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Words Redefined: 37 Notable Entries in The Devil's Dictionary

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Ambrose Bierce was a celebrated journalist, storyteller and, above all, cynic. Bierce had a barbed wit, and he often used it to kick American culture square in the teeth. In 1911, he published The Devil’s Dictionary, a partial lexicon that sardonically redefines over 1000 words. Here are some of our favorites.

1. Academy, n. A modern school where football is taught.


2. Achievement, n. The death of endeavor and the birth of disgust.


3. Alone, adj. In bad company.


4. Beauty, n. The power by which a woman charms a lover and terrifies a husband.


5. Behavior, n. Conduct, as determined, not by principle, but by breeding.


6. Brain, n. An apparatus with which we think what we think. That which distinguishes the man who is content to be something from the man who wishes to do something.


7. Cabbage, n. A familiar kitchen-garden vegetable about as large and wise as a man’s head.


8. Cat, n. A soft, indestructible automaton provided by nature to be kicked when things go wrong in the domestic circle.

9. Childhood, n. The period of human life intermediate between the idiocy of infancy and the folly of youth—two removes from the sin of manhood and three from the remorse of age.

10. Circus, n. A place where horses, ponies and elephants are permitted to see men and women and children acting the fool.

11. Congratulation, n. The civility of envy.

12. Dentist, n.

A prestidigitator who, putting metal into your mouth, pulls coins out of your pocket.

13. Destiny, n. A tyrant’s authority for crime and a fool’s excuse for failure

14. Edible, n. Good to eat, and wholesome to digest, as a worm to a toad, a toad to a snake, a snake to a pig, a pig to a man, and a man to a worm.

15. Envelope, n. The coffin of a document; the scabbard of a bill; the husk of a remittance; the bed-gown of a love-letter.

16. Famous, adj. Conspicuously miserable.

17. Future, n. That period of time in which our affairs prosper, our friends are true, and our happiness is assured.

18. Habit, n. A shackle for the free

19. History, n. An account mostly false, of events mostly unimportant, which are brought about by rulers mostly knaves, and soldiers mostly fools.

20. Hope, n. Desire and expectation rolled into one.

21. Imagination, n. A warehouse of facts, with poet and liar in joint ownership.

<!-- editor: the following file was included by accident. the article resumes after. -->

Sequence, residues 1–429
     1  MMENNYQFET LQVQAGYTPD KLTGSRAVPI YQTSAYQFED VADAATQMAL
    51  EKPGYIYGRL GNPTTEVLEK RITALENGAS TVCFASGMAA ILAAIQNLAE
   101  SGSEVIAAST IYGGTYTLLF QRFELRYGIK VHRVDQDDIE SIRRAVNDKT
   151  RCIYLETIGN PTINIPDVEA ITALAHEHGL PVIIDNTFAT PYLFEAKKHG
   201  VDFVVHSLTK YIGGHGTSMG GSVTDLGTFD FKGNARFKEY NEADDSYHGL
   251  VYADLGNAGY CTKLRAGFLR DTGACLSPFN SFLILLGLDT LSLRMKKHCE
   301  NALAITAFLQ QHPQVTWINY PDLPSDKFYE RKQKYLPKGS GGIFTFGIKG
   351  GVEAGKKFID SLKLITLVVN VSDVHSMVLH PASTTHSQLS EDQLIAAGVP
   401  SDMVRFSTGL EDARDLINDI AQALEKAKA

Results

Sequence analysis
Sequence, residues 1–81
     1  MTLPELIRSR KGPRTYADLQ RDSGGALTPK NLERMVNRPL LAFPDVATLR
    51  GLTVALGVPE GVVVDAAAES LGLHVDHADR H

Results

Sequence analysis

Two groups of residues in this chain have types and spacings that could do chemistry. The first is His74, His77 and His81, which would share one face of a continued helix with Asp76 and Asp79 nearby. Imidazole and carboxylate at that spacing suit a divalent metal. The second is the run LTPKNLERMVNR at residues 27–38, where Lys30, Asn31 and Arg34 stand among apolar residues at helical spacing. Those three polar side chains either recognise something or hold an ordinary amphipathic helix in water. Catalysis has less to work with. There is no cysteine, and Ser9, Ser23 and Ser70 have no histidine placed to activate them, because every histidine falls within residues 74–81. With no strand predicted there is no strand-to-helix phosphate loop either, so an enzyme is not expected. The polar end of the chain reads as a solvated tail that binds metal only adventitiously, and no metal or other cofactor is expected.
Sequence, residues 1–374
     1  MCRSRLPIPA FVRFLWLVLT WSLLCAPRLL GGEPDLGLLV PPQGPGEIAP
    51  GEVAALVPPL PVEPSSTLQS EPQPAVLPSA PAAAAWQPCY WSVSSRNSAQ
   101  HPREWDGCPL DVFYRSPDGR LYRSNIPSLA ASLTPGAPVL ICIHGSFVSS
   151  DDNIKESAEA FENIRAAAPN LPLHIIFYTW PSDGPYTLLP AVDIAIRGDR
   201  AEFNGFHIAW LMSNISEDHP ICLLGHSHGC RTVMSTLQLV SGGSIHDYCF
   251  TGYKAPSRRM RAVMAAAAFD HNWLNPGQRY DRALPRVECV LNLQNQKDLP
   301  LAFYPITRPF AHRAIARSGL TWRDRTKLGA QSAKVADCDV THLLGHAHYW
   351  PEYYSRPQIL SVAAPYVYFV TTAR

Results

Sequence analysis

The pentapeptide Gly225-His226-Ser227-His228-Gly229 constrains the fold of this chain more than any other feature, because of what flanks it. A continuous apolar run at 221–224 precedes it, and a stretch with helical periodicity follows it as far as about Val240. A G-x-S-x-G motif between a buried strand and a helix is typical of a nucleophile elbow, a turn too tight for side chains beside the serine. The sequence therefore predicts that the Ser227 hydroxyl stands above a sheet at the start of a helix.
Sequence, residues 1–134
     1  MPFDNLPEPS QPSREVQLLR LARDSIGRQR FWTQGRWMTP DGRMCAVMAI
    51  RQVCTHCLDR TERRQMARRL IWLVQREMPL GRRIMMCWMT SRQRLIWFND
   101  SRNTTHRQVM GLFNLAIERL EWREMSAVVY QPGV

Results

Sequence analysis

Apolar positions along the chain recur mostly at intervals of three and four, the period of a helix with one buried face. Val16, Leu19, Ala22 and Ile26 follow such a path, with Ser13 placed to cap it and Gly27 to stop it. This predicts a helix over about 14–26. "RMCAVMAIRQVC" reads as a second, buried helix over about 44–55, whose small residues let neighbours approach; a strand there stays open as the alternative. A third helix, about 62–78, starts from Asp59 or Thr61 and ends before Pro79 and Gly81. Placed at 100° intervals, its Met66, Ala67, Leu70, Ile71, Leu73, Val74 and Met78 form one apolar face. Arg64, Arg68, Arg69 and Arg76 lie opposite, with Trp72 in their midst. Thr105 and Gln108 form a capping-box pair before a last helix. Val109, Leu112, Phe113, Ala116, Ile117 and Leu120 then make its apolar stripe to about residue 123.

22. Ink, n. A villainous compound…chiefly used to facilitate the infection of idiocy and promote intellectual crime. The properties of ink are peculiar and contradictory: it may be used to make reputations and unmake them; to blacken them and to make them white.

23. Life, n. A spiritual pickle preserving the body from decay.

24. Logic, n. The art of thinking and reasoning in strict accordance with the limitations and incapacities of human misunderstanding.

25. Mad, adj. Affected with a high degree of intellectual independence; not conforming to standards of thought, speech and action…at odds with the majority; in short, unusual. It is noteworthy that persons are pronounced mad by officials destitute of evidence that themselves are sane.

26. Man, n. An animal so lost in rapturous contemplation of what he thinks he is as to overlook what he indubitably ought to be.

27. Money, n. A blessing that is of no advantage to us excepting when we part with it.

28. Noise, n. A stench in the ear. Undomesticated music. The chief product and authenticating sign of civilization.

29. Perseverance, n. A lowly virtue whereby mediocrity achieves an inglorious success.

30. Politeness, n. The most acceptable hypocrisy.

31. Resident, adj. Unable to leave.

32. Road, n. A strip of land along which one may pass from where it is too tiresome to be to where it is too futile to go.

33. Rumor, n. A favorite weapon of the assassins of character.

34. Sauce, n. The one infallible sign of civilization and enlightenment. A people with no sauces has one thousand vices; a people with one sauce has nine hundred and ninety-nine. For every sauce invented and accepted, a vice is renounced and forgiven.

35. Selfish, adj. Devoid of consideration for the selfishness of others.

36. Telephone, n. An invention of the devil which abrogates some of the advantages of making a disagreeable person keep his distance.

37. Year, n. A period of three hundred and sixty-five disappointments.